Monday felt like a great day to own marijuana stocks. By and large, those equities soared on word of a potentially game-changing proposal in Congress for marijuana legalization, and a big acquisition by Curaleaf Holdings (OTC:CURLF).
Just 24 hours later, the story is different.
In Tuesday trading, Curaleaf led the cannabis sector downward as it fell 7.5% in early trading. Following Curaleaf down were pot peers Hexo (NASDAQ:HEXO) and Tilray (NASDAQ:TLRY), which also fell 7% or more.
The good news is that those last two, at least, didn't stay down. By close of trading, Hexo stock was back up 1.9% again, while Tilray eked out a 0.1% gain. Curaleaf, however, never quite recovered, closing the day down 4.3%.
So who was to blame for all this distress? In a word: Curaleaf. On Monday night, the Massachusetts-based cannabis cultivator delivered its third quarter results, which revealed that as its sales boomed in the period, its losses swelled as well.
Revenue surged by 74% year over year to $317 million. However, Curaleaf also reported an $0.08-per-share loss -- eight times worse than Q3 2020's $0.01 per share loss.
Perhaps more worrisome is the fact that year to date, Curaleaf has recorded 149% sales growth, which means that the 74% growth rate recorded in Q3, while objectively impressive, actually represents a significant slowdown in the pace of growth. The company is also now up to $0.12 in losses per share over the year's first three quarters -- and Q3's losses make up two-thirds of that total.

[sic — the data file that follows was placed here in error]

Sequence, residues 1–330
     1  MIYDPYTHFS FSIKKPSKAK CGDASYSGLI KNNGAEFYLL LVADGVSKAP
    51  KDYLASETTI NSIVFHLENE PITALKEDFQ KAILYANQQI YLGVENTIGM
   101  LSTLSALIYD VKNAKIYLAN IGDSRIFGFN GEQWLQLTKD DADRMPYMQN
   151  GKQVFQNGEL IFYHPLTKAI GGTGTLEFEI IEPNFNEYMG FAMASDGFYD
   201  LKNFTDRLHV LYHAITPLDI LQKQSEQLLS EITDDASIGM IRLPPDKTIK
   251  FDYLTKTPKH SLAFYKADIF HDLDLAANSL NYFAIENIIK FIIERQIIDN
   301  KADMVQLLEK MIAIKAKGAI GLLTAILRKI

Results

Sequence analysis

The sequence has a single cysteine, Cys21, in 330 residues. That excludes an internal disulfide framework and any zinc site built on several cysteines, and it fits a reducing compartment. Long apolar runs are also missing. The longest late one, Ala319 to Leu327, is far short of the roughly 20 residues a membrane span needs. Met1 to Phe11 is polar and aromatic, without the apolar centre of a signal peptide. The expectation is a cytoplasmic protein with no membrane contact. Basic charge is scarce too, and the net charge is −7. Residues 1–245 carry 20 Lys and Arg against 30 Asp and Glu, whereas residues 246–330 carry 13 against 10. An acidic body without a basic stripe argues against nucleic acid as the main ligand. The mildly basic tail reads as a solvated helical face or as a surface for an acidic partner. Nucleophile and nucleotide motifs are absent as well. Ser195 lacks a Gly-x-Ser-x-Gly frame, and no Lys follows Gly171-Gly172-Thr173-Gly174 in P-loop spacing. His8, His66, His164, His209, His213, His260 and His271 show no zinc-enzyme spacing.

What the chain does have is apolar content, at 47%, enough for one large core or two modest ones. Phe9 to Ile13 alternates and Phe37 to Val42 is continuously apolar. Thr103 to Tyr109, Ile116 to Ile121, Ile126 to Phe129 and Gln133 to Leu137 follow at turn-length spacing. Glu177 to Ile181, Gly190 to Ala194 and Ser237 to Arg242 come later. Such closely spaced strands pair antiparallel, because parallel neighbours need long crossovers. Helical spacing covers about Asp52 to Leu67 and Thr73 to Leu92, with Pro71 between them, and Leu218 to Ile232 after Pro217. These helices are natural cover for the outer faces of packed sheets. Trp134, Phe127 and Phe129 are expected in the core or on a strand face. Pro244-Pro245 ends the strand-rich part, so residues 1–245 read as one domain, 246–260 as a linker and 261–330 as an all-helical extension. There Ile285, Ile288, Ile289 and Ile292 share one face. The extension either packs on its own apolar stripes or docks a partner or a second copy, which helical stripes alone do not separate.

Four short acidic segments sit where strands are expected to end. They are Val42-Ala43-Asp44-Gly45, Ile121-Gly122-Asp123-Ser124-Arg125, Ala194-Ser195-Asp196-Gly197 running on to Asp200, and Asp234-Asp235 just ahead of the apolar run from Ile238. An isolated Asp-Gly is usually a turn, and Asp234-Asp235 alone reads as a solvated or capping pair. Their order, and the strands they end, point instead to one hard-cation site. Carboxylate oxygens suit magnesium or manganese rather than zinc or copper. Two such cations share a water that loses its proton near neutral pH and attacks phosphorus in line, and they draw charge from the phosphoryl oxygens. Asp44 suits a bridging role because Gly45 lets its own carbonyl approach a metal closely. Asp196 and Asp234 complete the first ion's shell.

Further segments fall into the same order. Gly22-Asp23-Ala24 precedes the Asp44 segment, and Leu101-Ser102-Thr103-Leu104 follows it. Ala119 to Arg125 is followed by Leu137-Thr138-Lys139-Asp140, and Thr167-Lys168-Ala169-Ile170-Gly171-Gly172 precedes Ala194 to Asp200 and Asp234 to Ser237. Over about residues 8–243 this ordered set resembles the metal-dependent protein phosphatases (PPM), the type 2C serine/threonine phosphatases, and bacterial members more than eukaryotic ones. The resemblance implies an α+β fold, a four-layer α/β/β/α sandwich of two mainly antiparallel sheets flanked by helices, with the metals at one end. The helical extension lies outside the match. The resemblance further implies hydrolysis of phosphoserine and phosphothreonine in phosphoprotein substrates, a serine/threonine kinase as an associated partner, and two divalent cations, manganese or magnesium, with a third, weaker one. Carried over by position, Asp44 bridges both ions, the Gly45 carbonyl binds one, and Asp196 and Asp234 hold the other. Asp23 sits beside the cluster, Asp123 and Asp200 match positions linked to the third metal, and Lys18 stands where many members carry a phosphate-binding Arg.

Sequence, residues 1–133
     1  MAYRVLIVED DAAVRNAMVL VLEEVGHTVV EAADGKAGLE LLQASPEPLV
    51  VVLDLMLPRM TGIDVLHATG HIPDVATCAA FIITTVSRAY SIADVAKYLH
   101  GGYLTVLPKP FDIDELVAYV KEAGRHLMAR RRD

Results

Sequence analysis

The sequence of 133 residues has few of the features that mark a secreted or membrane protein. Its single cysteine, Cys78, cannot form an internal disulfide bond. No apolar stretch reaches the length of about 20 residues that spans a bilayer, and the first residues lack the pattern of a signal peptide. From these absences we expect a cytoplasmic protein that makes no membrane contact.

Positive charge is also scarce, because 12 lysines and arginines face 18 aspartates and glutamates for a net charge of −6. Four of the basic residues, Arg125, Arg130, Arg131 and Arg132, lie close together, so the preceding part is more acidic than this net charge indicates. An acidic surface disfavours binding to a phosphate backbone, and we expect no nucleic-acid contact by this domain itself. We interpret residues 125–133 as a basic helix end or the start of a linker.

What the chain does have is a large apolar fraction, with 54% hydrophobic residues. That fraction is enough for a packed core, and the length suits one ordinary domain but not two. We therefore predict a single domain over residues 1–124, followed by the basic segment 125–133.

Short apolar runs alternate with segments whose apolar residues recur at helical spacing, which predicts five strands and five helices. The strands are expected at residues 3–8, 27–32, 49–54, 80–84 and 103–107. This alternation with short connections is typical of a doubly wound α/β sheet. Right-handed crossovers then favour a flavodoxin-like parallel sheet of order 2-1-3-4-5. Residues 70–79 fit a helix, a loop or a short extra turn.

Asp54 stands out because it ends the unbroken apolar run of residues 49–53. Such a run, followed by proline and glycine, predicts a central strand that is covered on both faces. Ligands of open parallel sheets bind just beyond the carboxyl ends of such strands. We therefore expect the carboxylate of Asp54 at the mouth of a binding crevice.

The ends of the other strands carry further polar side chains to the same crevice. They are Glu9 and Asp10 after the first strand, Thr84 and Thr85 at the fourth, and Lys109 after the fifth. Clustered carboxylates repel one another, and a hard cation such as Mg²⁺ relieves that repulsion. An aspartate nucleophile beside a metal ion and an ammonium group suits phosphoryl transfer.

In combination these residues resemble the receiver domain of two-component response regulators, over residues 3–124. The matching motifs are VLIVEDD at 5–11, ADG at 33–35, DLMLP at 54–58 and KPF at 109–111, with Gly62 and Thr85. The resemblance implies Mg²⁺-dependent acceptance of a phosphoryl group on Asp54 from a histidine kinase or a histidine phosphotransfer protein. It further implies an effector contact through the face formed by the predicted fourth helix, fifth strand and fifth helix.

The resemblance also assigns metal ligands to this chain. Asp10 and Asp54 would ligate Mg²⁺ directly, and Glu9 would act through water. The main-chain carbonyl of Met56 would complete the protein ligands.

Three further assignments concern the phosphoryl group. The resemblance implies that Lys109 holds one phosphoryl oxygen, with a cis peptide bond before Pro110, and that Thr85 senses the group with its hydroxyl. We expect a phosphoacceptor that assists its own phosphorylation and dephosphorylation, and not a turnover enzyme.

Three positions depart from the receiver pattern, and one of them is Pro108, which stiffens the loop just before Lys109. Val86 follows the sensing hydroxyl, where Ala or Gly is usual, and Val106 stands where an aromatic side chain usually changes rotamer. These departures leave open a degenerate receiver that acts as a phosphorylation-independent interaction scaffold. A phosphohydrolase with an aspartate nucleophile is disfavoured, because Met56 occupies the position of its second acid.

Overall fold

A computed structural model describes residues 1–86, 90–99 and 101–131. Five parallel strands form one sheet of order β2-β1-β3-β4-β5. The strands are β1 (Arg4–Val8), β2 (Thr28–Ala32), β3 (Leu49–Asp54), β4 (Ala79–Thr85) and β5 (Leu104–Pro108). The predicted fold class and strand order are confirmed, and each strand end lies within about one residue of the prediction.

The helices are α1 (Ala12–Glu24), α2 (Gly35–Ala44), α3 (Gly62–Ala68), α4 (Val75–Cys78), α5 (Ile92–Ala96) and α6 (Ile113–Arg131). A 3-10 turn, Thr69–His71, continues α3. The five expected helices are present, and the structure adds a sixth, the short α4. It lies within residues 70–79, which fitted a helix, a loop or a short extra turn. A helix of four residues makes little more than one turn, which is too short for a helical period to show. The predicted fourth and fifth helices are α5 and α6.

Executive Chairman Boris Jordan attributed Q3's troubles to "transient headwinds," though, and insisted the Curaleaf "continued to execute well against our strategic initiatives, prioritizing growth and gaining market share." However, he also warned that Curaleaf is now likely to hit only the lower end of the company's announced 2021 revenue guidance range of $1.2 billion to $1.3 billion -- and he made no promise of profits besides.
Indeed, I almost think investors should just give up any hope of seeing profits out of any of these companies this year. Consider: If Curaleaf's sales are slowing, and it's "prioritizing growth and ... market share," then chances are, it's going to be competing on price to achieve that growth and grab that share.
This sounds to me like a recipe for a price war, and a price war in an industry where no one is turning a profit seems likely to torpedo margins for players across the board. Indeed, earlier today, Curaleaf peer Hexo announced that it's closing three production sites "to centralize product cultivation, manufacturing, and distribution at its core facilities," and presumably to cut costs as it weathers the coming storm.
Marijuana investors who booked profits on Monday's stock price rally and cashed out today may be making the right call.